After seeing the film, it was easy to see why they'd all turned out to support it. Woody's gotten terrific performances from everyone -- including co-stars Patricia Clarkson, Kevin Dunn, Rebecca Hall and Chris Messina -- and his critically acclaimed picture plays really well. It drew laughter and strong applause from an industry audience that doesn't hesitate to sit on its hands if it doesn't like something.

At TWC's after-party at the W Hotel in Westwood the Belvedere was flowing swiftly and so were the compliments, particularly for Penelope Cruz's killer performance and for Woody's sharp-as-ever writing and direction. As a longtime fan of Woody's movies, I'd rank "Vicky" with "Match Point" as his best work in the last 10 years -- and it's one of his funniest films ever. In the '80s writing and directing Oscar nominations were routine for Woody and "Vicky" could mark a welcome return to those happy days.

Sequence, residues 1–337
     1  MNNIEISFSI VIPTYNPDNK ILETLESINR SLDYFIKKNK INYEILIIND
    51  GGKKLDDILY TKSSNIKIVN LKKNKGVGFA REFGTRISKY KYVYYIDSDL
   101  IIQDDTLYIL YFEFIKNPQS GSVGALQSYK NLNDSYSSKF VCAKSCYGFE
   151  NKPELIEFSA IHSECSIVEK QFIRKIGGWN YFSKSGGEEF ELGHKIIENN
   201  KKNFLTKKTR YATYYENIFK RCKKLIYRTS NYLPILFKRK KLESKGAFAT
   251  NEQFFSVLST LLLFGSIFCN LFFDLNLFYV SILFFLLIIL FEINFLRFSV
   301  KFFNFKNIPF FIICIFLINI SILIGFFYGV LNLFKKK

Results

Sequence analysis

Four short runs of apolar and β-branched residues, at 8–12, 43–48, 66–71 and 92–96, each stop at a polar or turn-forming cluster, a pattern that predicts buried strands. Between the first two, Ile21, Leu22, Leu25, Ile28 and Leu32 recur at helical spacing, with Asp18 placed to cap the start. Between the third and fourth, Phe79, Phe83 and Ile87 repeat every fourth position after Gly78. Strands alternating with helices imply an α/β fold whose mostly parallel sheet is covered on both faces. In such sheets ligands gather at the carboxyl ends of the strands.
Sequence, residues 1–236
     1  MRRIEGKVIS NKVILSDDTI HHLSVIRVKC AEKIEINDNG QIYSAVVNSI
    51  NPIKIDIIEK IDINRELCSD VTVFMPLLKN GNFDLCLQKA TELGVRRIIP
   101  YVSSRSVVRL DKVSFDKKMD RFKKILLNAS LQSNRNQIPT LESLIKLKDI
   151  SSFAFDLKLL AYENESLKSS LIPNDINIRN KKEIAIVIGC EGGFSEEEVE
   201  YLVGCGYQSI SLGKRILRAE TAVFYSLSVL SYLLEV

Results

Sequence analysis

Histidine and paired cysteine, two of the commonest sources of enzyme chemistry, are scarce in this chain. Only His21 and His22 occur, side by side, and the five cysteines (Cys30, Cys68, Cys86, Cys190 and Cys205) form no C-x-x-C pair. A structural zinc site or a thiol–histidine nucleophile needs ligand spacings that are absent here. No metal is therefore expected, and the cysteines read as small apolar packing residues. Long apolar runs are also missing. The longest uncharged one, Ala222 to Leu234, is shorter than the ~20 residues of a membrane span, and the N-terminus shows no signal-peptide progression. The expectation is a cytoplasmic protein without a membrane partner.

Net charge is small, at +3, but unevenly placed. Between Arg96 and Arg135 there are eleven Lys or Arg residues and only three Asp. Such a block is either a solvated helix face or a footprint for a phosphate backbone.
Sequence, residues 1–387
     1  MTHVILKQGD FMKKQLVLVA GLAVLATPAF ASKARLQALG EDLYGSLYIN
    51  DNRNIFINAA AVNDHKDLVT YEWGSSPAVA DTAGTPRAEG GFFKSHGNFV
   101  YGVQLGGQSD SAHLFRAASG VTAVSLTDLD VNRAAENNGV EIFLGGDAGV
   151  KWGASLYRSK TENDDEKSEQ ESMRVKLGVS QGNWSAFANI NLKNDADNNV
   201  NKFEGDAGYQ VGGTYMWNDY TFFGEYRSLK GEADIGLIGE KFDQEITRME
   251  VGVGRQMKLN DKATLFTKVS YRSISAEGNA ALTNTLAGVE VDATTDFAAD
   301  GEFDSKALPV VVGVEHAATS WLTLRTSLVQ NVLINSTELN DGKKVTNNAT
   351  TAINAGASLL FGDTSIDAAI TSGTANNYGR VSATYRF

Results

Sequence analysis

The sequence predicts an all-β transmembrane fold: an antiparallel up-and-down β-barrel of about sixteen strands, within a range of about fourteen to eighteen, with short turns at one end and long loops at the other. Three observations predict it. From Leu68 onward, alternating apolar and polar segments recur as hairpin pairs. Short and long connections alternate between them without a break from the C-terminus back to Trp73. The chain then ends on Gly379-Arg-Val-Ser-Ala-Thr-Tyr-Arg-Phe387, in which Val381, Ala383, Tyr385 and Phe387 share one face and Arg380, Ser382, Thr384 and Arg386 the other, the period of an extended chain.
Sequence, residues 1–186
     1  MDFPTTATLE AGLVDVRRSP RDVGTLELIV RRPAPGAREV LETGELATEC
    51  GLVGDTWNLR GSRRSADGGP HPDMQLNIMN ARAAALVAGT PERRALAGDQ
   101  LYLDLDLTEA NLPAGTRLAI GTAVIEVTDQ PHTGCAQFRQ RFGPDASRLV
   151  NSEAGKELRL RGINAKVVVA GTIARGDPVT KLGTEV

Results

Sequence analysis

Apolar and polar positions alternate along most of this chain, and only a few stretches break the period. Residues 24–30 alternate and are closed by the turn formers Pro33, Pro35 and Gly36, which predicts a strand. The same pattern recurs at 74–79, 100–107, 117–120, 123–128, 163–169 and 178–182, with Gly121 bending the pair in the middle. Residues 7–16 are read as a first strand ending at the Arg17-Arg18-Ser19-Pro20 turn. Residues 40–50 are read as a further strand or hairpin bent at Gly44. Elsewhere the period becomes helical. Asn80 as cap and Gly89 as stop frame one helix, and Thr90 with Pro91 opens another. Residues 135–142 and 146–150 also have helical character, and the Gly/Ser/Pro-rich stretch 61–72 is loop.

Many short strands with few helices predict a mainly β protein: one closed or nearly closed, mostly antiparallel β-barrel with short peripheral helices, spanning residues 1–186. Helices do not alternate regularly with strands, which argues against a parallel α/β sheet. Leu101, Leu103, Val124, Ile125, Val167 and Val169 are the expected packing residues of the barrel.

A good indication of how Woody feels about "Vicky" is that he actually was there Monday night, sitting with his wife Soon-Yi and friends in a quiet corner of one of the hotel's party rooms. While wandering around I stopped in my tracks when I spotted Woody because he's known for not showing up for his films' premieres. Well, it makes sense that he was there to support "Vicky" since it's really special.

"Vicky," which screened as an official selection at the Cannes Film Festival last May, opens Aug. 15 via MGM. It's one of the year's strongest contenders for the Globes' best picture - musical or comedy category. Hopefully, it will be able to overcome Academy members' tendency to not give comedies the respect they deserve and will wind up with a best picture Oscar nod, too.

Martin Grove hosts movie coverage on the broadband television channel